Q: Considering you started your blog in 2005, you were a pioneer in bringing social media to health care.

A: When I was diagnosed with diabetes, I turned to Google, searched on “diabetes foot care” and got millions of hits. What does this mean? That I can’t wear sandals? I wanted to use the Internet to connect with other people and get a reality check on what the doctors were telling me. Unfortunately, there was no way to find like people. That motivated me to start the blog.

Q: Your first post triggered many comments. That must have been gratifying.

A: I didn’t know what to expect. But it provided immediate feedback that I might be onto something. Today, there are over 800 blogs just on diabetes, so I feel like I’ve been part of this healthcare revolution.

Q: Was there a particular post or event that propelled the blog to the next level?

A: When I was featured in The Wall Street Journal. Laura Landro at The Journal writes a column called “The Informed Patient.” She did a story on patient blogging that included me. That made a huge difference in our visibility.

Q: I’m sure the Journal article caused a spike in traffic.

A: Definitely.

Q: Has SEO played an important role in building your audience?

A: I don’t know squat about SEO. My philosophy is simple: Fresh content gets attention. I try to offer fresh content every single day.

Q: Consistently writing every day is going to stockpile some great content.

A: I agree. We’re planning a site re-design so it’s easier to search archived content.

Q: When you reflect on the blog, is there anything that has surprised you about your audience?

A: I thought the details would bore people, but that’s not the case. We consistently get feedback that they want detailed information.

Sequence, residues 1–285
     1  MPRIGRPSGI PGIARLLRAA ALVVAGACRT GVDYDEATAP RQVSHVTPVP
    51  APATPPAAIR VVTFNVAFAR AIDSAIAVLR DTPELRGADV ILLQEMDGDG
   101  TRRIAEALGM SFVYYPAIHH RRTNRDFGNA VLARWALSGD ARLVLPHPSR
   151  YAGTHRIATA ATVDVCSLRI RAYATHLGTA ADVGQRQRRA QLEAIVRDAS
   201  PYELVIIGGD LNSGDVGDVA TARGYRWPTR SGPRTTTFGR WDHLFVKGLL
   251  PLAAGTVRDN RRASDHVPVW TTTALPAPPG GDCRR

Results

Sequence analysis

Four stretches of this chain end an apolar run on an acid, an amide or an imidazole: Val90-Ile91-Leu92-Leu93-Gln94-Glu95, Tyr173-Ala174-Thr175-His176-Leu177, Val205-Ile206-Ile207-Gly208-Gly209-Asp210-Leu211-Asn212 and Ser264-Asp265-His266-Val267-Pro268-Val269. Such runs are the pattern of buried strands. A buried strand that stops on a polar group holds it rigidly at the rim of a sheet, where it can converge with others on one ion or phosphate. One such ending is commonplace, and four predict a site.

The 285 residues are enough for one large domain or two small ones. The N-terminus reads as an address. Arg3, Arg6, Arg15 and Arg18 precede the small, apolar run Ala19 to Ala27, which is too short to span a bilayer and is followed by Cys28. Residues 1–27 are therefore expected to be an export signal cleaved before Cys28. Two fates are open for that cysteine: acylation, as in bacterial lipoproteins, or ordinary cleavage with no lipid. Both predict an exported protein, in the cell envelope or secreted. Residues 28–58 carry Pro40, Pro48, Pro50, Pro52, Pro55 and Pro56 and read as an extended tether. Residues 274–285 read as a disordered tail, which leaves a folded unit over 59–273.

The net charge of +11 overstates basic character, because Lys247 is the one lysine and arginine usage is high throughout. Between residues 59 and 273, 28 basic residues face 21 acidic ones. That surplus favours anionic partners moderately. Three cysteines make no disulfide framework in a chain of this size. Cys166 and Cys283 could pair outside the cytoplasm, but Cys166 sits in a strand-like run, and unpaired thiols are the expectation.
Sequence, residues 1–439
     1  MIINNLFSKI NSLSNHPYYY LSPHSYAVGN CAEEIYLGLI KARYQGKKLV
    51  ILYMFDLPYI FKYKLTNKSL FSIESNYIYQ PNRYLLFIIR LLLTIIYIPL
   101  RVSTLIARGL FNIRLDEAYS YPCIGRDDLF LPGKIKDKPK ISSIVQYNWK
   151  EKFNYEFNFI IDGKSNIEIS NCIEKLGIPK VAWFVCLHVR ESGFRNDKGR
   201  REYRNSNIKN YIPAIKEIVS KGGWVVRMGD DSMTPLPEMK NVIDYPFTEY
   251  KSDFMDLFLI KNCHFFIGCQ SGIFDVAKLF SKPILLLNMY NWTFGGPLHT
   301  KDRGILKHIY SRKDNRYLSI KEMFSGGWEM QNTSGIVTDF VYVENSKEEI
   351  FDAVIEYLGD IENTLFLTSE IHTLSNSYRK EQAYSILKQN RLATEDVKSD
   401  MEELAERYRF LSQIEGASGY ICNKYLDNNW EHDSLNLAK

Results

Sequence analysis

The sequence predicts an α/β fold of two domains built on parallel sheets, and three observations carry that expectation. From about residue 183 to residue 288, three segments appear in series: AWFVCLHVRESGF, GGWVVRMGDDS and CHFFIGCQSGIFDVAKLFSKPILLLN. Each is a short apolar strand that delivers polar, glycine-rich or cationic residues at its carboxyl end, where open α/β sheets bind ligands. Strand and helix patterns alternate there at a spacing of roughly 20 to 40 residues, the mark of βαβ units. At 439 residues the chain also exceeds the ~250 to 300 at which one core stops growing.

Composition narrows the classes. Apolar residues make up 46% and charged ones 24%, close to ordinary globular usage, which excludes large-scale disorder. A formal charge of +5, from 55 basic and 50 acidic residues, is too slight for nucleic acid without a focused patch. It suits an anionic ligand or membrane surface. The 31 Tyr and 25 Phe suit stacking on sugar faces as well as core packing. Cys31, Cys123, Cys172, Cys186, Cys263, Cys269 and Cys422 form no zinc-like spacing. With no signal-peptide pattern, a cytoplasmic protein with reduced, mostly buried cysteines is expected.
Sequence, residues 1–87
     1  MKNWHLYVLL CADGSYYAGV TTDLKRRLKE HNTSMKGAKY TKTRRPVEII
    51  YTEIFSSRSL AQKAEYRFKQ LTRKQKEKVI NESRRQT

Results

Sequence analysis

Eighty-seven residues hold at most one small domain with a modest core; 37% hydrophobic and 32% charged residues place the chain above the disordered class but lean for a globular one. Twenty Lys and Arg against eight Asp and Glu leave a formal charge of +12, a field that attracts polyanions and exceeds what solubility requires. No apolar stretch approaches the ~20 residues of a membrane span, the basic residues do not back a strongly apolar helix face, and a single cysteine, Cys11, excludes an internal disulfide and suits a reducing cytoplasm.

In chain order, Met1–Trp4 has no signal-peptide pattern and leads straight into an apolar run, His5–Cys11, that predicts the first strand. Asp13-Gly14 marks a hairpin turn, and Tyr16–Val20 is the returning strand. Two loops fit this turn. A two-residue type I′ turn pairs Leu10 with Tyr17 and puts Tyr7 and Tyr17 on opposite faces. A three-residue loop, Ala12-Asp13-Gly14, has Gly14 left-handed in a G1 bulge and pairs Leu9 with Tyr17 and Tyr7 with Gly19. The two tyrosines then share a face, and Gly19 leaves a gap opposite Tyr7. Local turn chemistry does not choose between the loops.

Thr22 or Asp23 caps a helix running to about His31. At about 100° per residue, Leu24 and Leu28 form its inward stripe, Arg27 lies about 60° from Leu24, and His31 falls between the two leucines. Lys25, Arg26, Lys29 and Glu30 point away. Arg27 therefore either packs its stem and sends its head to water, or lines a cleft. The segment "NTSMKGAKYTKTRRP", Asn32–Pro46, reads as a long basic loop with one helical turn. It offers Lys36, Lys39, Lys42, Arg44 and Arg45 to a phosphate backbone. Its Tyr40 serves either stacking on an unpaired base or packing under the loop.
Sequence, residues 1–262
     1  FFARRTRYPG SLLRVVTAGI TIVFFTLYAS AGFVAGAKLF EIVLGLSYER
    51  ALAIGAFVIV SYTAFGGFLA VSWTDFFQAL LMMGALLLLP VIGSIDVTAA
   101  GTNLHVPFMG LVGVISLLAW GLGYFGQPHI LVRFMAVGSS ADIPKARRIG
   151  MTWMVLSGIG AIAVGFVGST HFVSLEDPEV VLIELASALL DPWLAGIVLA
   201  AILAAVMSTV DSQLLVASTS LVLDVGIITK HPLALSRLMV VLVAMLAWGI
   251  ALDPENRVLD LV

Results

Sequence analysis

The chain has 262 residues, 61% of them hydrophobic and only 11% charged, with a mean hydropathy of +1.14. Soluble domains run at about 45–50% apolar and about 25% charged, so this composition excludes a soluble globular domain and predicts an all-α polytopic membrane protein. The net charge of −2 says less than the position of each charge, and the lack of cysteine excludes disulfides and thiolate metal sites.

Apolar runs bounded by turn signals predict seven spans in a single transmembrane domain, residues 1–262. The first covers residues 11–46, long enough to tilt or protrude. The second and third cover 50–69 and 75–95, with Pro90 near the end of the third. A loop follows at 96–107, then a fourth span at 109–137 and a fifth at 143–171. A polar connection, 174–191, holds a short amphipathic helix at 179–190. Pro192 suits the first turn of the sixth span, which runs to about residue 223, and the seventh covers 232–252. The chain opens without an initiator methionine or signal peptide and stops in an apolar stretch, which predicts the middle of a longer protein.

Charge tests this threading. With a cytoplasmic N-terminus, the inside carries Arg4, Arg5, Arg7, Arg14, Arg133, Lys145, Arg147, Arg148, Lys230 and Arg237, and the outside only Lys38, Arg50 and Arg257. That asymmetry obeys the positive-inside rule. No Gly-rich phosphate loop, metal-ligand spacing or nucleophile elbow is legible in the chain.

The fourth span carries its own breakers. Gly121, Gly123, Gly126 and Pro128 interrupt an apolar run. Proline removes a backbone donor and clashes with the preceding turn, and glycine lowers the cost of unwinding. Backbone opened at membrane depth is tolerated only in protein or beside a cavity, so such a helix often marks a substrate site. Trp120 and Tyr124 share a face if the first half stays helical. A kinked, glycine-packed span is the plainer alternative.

Q: Can you pinpoint one element that’s your “secret sauce.”

A: I’d say its gonzo journalism. I put myself in the story starting with my very first post and this continues today. Plus, I go in with a critical eye and ask questions of the establishment. 

Q: Was this tough to do.?

A: Not at all. I felt like I was set free to tell my story. No one was going to tell me where I have to add an exclamation point.

Q: After reading your blog, I can see you also bring a strong personal dimension to your storytelling.

A: Absolutely. The whole idea is to make the blog personal.

Note: Check out Amy’s Thanksgiving post from a couple years ago.

Don’t worry. Be happy.  Enjoy the day! (And the long weekend!)
diabetes
That is my 7-year-old’s artwork, btw: Mr. Scarecrow.  Does he look bummed, just because he might be missing a functioning brain?  No Sir.  So no bemoaning your dead pancreas today People, OK?
Hey, if nothing else, be glad you’re not an astronaut;  if you thought we PWDs had food troubles on this feast day, check out their plight.
Warm holiday greetings to all…
                     Happy Thanksgiving!
                     “Diabetes Mine,” November 26, 2009

Q: I also like the levity you bring to the topic.

A: It’s easy to get overwhelmed, so yes, I want to be informative. But living with diabetes is crap, so let’s have some fun as well. The magic combination is to make the site both a resource and entertaining. I want every post to say something that people didn’t already know and do it in a fun way and a personal way. I don’t hit the mark every time but that’s the goal.